Of course, nothing is final and we will always be ready to change and transform further as we go. However it’s nice to feel that we’re getting over the first run of hurdles, which means we can get back to doing what we are really passionate about – working with beautiful herbs! There are several new teas in the works, including a couple of really delciious chai blends that I’ll be posting about once the shop is open again.

In the meantime, do chat to us on Twitter, check out our photos on Instagram, or email us: lilithsherbgarden (at) gmail (dot) com


Bright blessings on this super chilly Melbourne day ~


Categories: Brewings, Whispers | Leave a comment

Tuesday is Herb Day – DANDELIONS!

There are still a few hours of Tuesday left, so let me rave on at you about dandelions for a bit.

I must be one of the few gardeners in Melbourne actively trying to increase the dandelion population in my garden, rather than attempting to eradicate them. For a long time my garden was, sadly, entirely dandelion free. Then, amazingly, under the thorny shadow of the climbing rose, a single exemplar of the being Taraxacum officinale appeared. I was delighted, checking on it regularly to see when it would flower (a slow process), and then, just as regularly, and even more eagerly, checking to see if the flower had turned into a puffball of seeds that would populate my already (maybe) overcrowded garden with more of its kind.

The puffball arrived. And THEN A POSSUM ATE IT.

However, a few days later, after listening to me whinge about the possums eating my long awaited dandelion puffball, Cath very sensibly just took a seedhead from the massive dandelion that was growing down the lane (that’s the one in the picture above) and blew the seeds all over the spot where I want them to grow. Now I have lots of dandelion seedlings popping up and I am content.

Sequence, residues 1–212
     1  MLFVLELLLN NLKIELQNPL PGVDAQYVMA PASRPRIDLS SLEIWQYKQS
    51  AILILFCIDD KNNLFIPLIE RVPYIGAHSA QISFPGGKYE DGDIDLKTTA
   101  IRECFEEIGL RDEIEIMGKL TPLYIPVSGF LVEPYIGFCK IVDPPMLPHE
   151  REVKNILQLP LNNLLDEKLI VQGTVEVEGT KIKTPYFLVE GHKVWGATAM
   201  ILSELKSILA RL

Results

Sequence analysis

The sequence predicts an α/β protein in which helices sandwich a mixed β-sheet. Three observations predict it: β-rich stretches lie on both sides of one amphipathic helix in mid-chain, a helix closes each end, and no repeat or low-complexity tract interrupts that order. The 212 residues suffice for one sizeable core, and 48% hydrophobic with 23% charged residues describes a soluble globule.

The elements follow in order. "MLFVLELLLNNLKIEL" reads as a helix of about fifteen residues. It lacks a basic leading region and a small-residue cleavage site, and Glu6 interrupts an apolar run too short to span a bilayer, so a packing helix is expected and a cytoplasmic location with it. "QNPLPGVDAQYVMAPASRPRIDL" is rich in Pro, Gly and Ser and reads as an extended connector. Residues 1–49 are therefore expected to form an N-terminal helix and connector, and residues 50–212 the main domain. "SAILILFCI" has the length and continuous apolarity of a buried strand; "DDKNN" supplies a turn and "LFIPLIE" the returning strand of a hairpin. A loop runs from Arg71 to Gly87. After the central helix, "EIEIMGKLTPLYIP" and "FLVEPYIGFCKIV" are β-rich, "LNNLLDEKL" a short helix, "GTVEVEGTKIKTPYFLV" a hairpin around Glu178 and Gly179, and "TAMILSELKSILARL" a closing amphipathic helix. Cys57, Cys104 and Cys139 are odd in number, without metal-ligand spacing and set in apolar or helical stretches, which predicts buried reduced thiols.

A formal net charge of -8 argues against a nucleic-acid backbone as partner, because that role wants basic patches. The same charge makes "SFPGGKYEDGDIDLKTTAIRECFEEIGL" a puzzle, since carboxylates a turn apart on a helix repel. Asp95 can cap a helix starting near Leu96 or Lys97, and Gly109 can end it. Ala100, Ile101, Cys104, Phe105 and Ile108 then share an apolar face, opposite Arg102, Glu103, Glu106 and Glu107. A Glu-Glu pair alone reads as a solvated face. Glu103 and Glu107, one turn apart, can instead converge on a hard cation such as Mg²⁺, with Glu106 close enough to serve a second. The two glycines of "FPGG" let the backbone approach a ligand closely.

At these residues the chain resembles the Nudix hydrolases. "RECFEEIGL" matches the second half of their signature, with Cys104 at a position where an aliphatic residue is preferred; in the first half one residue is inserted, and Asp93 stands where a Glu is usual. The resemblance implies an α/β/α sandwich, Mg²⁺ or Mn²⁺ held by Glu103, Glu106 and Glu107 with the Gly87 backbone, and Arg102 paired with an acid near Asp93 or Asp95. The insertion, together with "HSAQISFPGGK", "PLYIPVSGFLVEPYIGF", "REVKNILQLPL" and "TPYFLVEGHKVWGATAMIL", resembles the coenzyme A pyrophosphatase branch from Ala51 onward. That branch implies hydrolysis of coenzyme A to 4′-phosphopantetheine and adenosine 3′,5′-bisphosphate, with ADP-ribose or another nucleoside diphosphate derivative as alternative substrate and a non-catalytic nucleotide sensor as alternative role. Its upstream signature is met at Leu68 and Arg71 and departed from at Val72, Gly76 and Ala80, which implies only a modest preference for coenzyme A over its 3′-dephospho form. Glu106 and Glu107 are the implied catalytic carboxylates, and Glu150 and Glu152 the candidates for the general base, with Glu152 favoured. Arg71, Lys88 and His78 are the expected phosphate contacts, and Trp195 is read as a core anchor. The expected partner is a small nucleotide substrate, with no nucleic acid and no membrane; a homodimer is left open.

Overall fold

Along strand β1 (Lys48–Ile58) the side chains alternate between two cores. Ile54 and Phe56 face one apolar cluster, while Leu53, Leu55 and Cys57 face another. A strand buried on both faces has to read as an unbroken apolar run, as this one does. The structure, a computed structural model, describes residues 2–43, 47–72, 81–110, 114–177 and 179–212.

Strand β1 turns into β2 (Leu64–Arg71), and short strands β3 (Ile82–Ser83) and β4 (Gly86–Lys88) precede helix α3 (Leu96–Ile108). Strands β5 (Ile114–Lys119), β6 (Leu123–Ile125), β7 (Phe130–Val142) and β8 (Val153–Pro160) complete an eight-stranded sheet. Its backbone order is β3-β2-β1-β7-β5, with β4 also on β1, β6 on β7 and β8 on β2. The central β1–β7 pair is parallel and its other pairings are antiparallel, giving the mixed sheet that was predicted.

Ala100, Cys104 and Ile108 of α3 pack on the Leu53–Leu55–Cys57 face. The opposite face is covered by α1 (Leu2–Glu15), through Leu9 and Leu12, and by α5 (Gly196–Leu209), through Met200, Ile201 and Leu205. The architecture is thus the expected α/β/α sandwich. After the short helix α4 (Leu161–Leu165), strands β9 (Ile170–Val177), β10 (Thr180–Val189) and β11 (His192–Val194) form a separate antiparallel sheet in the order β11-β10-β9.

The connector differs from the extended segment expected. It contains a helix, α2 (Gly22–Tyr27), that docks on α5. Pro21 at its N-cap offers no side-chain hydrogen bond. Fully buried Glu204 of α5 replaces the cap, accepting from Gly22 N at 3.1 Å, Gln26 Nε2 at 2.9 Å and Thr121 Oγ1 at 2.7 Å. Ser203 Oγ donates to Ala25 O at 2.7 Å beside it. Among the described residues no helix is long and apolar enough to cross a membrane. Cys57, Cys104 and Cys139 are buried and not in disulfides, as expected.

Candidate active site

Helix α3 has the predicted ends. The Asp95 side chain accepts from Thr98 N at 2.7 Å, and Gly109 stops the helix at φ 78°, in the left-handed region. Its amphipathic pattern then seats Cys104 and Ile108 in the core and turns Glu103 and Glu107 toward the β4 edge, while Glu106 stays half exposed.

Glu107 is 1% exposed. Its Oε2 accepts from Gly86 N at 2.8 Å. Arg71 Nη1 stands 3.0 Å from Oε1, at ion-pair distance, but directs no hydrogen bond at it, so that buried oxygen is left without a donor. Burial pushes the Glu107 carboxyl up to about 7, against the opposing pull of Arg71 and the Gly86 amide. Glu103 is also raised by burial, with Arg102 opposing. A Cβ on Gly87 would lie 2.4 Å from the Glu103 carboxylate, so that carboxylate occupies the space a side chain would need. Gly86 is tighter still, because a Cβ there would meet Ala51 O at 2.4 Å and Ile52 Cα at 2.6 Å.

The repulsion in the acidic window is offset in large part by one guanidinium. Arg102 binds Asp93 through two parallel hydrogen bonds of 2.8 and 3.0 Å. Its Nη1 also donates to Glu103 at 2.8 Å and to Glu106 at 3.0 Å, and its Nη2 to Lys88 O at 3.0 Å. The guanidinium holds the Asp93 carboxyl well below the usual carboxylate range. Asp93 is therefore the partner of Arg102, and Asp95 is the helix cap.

Just what is so good about dandelion?

You can eat the leaves, which are very bitter, especially as they get older, so the young ones are best in terms of palatabiltiy. They are still quite strong and may take a bit of getting used to (I’ll probably have a rant about why people should include more bitters in their diets at another time). I often pick a few to put in a salad or a sandwich amongst the other greens like rocket; you could also toss them into a soup or cook them in amongst some milder greens like spinach or silverbeet.

Because the roots of dandelion grow so deep into the earth, the leaves are rich in minerals like iron and potassium; you can brew them as a tea, which has tonic and diuretic properties (and since diuretics in general can deplete the body of potassium, dandelion is a particularly good choice).

The root is hepatic, which means it acts on the liver, stimulating its function and aiding the body’s natural detoxification processes. Roasted, the root makes a tasty ‘coffee’ which is delicious on its own or with milk and/or spices.

Dandelion is one of those herbs which bridges the worlds. Its taproots go deep, as I mentioned before, and yet its flower is as pure a representation of the sun as you can find. It is sacred to the Goddess Hekate, the Illuminatrix who also walks between the worlds. The seeds are messengers, and will carry your wishes with them as they take to the air.

So next time you meet a dandelion, honour it; there’s more to it than meets the eye and it has many gifts to share with you!

Bright blessings


Categories: herb day | Tags: , , , , , , , | 4 Comments

Let food be your medicine – the gift of meat


Over the weekend I have made oxtail soup. I’ve never made anything quite like this before: roasting the bones, simmering them slowly for a full day, straining the stock, adding soaked barley then simmering again, shredding the flakes of meat from flower-shaped bones, gone so soft that they crumble under my fingers, falling apart having given up all their nourishment into the soup we are about to eat.

Ten years ago I could not have understood how this could have been good for me. Today I don’t understand how I could ever have believed it would not be good for me.

This is not glamorous food; it’s not fancy; it’s not politically correct. It represents yet another turning point in the complicated relationship I’ve had with food throughout my life. For me this path is about true, deep, transformative nourishment: literally from the bones of this animal, this ox, into my bones.

I am grateful for this gift; I’m grateful for the animal that has given its life for mine, for the privileges that allow me to receive the gift and make use of it, for the people who have inspired me to do so, for the capacity to change my thinking and to continually learn better, to work on healing and connecting.

For those of you also interested in exploring the path of traditional foods, I highly recommend the website Nourished Kitchen and the book Nourishing Traditions by Sally Fallon.

Brightest blessings

Categories: Whispers | Tags: , , , , | Leave a comment